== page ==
Tips for Comfortable Holiday Knitting
Many of us enjoy knitting gifts for giving during the winter holidays. Unfortunately, often October has come and gone before we realize the holidays are only weeks away and our Finished Objects pile is tiny.
This minor lapse in planning has big implications, ergonomically speaking. As I’ve mentioned before, sound ergonomics balance productivity, efficiency, and safety. Facing a wall of deadlines emphasizes productivity at the cost of efficiency and safety.
When we face a deadline, the natural “flight or fight” thing to do is try knitting faster for longer. This creates more errors—errors that need time to be repaired. So much for efficiency.
And prolonged sitting to meet knitting deadlines compromises safety because we’re apt to ignore uncomfortable postures, muscle tension, and stress.
The effects of stress tend to come to our attention when the deadline has passed and we return our awareness to our body. I assume we all want to be knitting comfortably in January, so let’s discuss how to survive the madness at the end of the year.
When one element of our ergonomic trio gets overemphasized, the trick is to amplify the others.
Assess your plan. Sometimes gift-knitting promises are made after a second glass of wine at Thanksgiving that simply can’t be fulfilled without causing a lot of stress. Assess how many hours a day you typically have available to knit each day or week, then think about how fast you knit, and how many items you hope to have available to give by the end of the season. If all that doesn’t add up, give yourself permission to extend your deadline.
Simplify. If your aim is to simply give a handmade gift to someone, and there’s been no promise of what that might be, then keep it simple. A favorite hat or mittens pattern may be familiar to you, but it’s a far-from-boring gift for the recipient.
This is not the time to learn a new technique for your projects. If you have never knit a brioche lace scarf before, and you have lots of knitting to do, this isn’t the best time to learn it.
Consider your needles. In addition to your choice of what to knit, be sure to consider the needles you’ll knit with. If you invest a little time before you start knitting (especially with an unfamiliar yarn) to choose the best needle, you’ll save yourself lots of extra work. The most common problem I see knitters having is using a slippery needle to knit a slippery yarn. This poor combination costs extra energy to keep the project on the needle, slowing you down and making extra work for hands and forearms.
The most important consideration is the amount of friction between needle and yarn. A slippery needle doesn’t make you knit faster or more efficiently if your yarn is also slippery (think superwash, silk, low-elasticity fibers, tightly plied yarns). A needle with a bit more grip will actually allow you to worry less about dropping stitches or keeping them in place. It will also allow you to work closer to the tip of your needle fearless of things slipping off the end and with less movement.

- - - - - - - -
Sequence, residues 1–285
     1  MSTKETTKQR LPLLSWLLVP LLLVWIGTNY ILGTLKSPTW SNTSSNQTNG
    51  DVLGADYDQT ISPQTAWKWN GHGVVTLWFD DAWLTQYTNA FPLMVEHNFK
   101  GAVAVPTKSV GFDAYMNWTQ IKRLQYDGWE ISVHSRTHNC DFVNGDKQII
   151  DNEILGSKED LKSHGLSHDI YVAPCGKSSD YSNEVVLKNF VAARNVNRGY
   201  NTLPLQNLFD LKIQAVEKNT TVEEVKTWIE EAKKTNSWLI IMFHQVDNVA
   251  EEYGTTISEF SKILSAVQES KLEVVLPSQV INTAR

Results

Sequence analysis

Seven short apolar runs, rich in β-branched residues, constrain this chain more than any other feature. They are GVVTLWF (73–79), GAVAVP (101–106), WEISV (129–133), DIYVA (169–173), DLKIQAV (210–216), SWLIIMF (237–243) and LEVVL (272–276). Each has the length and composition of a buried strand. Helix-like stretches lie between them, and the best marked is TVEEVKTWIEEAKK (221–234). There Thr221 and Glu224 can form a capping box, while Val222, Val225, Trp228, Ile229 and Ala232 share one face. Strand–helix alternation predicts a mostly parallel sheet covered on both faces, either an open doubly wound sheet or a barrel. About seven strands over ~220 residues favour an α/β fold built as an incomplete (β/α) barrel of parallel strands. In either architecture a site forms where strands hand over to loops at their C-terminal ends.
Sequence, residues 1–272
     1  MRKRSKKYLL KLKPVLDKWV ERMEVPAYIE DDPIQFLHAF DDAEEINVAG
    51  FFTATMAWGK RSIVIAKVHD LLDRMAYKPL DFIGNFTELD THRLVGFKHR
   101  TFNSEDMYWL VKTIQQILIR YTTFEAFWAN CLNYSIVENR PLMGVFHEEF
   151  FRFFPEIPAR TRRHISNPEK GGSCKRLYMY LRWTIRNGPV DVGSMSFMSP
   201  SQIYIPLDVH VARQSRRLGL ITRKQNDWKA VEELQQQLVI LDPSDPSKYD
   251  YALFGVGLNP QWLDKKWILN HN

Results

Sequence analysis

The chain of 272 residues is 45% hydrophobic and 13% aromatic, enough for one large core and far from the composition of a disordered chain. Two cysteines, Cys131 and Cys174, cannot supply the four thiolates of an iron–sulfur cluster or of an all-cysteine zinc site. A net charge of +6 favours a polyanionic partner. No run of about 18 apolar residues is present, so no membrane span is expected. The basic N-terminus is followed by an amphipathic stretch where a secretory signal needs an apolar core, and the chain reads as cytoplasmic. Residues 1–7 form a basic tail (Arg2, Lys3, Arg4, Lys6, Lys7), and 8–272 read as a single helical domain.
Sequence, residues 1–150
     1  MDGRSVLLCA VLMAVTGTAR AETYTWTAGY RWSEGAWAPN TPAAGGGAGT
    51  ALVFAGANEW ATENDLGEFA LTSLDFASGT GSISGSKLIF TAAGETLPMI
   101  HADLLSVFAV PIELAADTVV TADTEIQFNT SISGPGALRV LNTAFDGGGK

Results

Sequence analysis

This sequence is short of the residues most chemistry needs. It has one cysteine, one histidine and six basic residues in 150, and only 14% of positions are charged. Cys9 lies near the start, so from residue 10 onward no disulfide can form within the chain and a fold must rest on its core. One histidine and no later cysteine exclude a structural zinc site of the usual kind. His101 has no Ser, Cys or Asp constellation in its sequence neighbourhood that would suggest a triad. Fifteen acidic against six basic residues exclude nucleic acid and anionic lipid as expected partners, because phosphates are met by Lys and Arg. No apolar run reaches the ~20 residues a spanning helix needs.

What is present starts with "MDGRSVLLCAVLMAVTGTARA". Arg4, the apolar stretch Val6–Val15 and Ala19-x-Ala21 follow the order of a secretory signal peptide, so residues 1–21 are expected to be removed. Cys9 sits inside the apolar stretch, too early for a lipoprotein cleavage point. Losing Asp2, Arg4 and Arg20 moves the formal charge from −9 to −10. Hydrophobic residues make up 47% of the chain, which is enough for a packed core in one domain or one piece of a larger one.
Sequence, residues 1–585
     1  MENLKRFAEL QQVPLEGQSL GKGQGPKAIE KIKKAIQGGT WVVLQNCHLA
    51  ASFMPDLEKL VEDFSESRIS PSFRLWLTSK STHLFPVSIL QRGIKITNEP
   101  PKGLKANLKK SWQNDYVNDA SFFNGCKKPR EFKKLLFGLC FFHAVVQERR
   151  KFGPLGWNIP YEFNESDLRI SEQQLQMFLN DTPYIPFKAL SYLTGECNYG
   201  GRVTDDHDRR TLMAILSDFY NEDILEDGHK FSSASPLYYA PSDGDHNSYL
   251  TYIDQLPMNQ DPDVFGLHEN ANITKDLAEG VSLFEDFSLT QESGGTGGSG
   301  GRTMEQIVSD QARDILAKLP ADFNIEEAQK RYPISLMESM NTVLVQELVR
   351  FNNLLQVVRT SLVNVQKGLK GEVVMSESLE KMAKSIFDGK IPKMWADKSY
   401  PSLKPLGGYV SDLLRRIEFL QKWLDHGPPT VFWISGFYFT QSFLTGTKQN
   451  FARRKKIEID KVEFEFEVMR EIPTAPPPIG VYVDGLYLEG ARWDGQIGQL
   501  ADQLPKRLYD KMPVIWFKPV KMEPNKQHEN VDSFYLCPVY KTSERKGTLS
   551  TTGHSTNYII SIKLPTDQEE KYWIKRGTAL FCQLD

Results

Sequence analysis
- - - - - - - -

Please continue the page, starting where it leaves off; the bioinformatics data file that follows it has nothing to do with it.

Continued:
Take little breaks. This may sound counterintuitive, but taking frequent micro-breaks while you knit will improve your efficiency and give your body a moment to recover. A micro-break is a short (minute or less) time where you put down the knitting, stand up and move a bit.
Take a micro-break every 25-30 minutes and please stand while you’re at it. Your spinal discs need a break, too and they get it when you stand. You can also help them by staying well hydrated during your knitting. I don’t think eggnog counts, though.
Get moving. Doing arm swings and jazz hands during these times is a simple movement with a big payoff. It helps get circulation into the forearms and hands, allows your shoulders to experience a large range of movement, opens your chest and encourages you to breathe deeper.
Arm swings with jazz hands
Take the opportunity to do some deeper breathing. March in place, rise up on tiptoes a few times or take a lap up and down the stairs—anything to get the blood moving so your brain remains alert and your arms and hands well perfused. You’ll find simple and effective stretches to work into your movement here.
Horizontal arm swings
Plan your breaks. Mark your pattern as to when you’ll commit to doing your micro-break. For instance, after every round or two, or after a repeat of a pattern. And hold yourself accountable to that.
Take your time. If you have made a promise for a particular item that can’t be finished by the date you wanted to give it, how about giving a snip of the yarn you’re using of maybe even a small swatch along with a picture of the garment from the pattern (don’t copy the pattern though) Let the recipient know this is coming to them soon after the holidays. I’ve done this with my very own mom and she was fine with it. How about a progressive sweater? Fronts by New Year’s Eve. Back by Valentine’s. Sleeves by St. Patrick’s Day.
Knitters create very personal environments that will be inhabited by those we love. You don’t want to make or give an environment that has caused you discomfort or injury. And the recipient would probably not like inhabiting one that they know took you away from your favorite sport—knitting—for a period of time to heal. Invest in your wellness while you’re sharing your love. I want you knitting comfortably in January!